Strengthening of Ferritic Steel by Interface Precipitated Carbides in Rows
Precipitation-strengthening is widely applied to high strength steel sheet for automotive use since several strength grades are easily achieved by controlling amount of microalloyed component. Recently, finer carbide dispersion has been required to obtain higher strength by smaller addition of carbide formers like titanium and niobium. Here, interface precipitation, one of the carbide formation phenomena during γ→α transformation, can be the efficient method to promote very fine carbides by lowering precipitation temperature. This study deals with relationship between transformation temperatures and hardness of ferritic steel strengthened by carbides generated by the interface precipitation. Two kinds of 0.04%C steels containing Ti and Nb of the same amount as carbon content in atomic were hot-rolled, followed by the soaking at various temperatures for 600s. The rapid-cooled samples before the soaking for 600s exhibited higher hardness than slow-cooled samples. Large carbides generated by interface precipitation were observed in slow-cooled Ti-bearing steel with a transmission electron microscope. In slow-cooled Nb-bearing steel, large NbC precipitated in austenite before γ→α transformation. The results are suggesting that lowering transformation temperature and suppressing carbides precipitation in austenite are important to obtain high strength by interface precipitation.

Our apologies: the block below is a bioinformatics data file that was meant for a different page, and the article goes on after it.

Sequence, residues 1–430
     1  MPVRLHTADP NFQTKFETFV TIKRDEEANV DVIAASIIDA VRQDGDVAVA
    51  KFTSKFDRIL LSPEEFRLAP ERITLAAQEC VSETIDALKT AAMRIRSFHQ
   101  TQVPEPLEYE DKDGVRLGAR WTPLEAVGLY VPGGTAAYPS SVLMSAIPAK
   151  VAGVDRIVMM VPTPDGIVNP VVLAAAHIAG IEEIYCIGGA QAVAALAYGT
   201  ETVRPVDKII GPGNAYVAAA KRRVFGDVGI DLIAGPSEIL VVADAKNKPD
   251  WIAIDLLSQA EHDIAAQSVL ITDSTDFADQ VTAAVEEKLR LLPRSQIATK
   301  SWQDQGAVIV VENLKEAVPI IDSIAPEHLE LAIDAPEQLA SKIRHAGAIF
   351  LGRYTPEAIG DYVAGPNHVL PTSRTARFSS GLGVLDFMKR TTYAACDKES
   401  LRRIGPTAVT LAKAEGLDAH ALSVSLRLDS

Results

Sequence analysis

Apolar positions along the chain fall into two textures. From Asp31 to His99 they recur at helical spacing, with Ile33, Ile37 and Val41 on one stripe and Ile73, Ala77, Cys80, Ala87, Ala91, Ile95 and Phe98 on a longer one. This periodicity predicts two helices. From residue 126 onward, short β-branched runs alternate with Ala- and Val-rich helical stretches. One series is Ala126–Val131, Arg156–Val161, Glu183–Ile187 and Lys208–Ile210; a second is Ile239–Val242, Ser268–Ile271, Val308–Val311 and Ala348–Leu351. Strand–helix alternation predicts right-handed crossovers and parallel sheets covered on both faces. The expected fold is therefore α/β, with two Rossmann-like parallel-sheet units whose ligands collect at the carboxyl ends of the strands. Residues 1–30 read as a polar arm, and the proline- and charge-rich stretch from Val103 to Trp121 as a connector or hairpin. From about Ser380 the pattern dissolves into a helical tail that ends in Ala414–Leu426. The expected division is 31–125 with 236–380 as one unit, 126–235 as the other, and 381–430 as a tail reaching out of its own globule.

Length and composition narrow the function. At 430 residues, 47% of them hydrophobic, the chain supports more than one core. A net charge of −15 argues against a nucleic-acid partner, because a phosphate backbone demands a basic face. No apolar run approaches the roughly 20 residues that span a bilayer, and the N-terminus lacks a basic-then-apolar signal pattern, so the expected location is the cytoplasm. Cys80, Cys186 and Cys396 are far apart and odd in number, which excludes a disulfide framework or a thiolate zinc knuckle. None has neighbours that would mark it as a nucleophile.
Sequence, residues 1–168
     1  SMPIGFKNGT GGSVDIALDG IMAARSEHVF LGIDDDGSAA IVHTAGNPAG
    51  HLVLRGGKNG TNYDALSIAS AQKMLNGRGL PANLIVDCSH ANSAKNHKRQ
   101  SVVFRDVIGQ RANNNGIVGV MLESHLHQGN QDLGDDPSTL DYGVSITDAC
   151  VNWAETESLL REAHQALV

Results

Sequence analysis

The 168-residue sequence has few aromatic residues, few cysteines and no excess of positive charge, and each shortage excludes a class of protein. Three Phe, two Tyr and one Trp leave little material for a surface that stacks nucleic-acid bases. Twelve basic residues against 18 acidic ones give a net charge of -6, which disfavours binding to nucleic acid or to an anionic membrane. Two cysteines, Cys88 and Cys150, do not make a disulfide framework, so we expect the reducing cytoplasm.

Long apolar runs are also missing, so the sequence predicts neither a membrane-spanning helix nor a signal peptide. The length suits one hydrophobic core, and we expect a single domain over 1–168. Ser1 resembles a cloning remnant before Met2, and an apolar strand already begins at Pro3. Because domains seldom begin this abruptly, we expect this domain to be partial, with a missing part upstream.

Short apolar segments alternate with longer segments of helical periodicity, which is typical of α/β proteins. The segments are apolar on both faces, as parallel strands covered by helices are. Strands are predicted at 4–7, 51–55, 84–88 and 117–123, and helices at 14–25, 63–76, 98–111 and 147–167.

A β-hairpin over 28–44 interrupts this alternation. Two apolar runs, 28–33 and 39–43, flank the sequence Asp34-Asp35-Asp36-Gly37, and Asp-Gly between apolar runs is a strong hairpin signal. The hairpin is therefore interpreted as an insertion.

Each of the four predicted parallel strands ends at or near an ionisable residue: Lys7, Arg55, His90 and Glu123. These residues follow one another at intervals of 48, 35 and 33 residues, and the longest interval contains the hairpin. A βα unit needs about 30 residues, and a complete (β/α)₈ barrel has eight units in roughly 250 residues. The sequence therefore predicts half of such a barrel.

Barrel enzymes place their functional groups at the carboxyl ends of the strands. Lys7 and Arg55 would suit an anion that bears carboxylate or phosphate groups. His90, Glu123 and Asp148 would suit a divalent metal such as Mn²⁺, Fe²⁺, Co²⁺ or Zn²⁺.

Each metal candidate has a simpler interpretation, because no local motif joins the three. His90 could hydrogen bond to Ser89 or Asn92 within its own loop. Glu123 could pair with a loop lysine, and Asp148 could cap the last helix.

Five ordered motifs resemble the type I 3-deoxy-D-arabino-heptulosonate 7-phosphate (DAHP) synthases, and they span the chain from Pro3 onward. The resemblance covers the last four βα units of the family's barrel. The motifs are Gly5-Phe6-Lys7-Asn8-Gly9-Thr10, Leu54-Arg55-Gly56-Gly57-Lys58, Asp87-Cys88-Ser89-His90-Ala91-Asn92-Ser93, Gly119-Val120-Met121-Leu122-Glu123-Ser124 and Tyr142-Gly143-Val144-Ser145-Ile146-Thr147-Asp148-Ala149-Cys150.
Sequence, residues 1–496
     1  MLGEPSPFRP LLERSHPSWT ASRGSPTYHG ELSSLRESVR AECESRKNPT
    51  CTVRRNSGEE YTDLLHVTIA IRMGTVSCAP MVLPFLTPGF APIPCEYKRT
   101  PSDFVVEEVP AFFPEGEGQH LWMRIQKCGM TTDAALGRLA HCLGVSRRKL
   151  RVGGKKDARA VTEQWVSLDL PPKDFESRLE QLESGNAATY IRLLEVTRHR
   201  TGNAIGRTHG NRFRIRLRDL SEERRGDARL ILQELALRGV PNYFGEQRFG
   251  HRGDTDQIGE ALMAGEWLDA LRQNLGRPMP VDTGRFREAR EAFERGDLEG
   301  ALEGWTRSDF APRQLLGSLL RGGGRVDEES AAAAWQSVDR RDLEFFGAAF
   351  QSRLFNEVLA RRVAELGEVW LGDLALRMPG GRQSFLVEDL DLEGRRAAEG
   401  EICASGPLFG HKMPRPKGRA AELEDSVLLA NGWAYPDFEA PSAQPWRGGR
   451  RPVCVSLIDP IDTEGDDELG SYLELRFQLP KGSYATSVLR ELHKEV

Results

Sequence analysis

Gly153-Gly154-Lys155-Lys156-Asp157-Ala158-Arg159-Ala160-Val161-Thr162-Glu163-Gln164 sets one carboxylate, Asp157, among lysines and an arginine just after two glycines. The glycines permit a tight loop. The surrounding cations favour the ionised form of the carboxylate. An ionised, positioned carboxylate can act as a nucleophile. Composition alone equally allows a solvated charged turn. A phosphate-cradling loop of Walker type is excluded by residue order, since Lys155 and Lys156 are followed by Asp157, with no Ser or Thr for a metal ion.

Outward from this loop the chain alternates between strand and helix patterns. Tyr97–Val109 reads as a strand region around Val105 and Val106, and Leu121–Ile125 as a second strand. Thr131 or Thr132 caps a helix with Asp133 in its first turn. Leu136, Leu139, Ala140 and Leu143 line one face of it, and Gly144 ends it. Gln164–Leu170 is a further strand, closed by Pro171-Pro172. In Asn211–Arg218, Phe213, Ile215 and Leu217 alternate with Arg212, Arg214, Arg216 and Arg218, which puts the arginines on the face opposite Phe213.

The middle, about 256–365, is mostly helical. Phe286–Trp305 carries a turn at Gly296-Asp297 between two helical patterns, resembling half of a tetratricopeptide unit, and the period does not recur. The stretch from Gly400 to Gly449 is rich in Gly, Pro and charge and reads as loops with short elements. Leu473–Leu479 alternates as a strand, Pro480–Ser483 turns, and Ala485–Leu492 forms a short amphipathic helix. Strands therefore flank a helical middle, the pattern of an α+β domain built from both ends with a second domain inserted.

T. Chandra, N. Wanderka, W. Reimers , M. Ionescu
Y. Funakawa et al., "Strengthening of Ferritic Steel by Interface Precipitated Carbides in Rows", Materials Science Forum, Vols. 638-642, pp. 3218-3223, 2010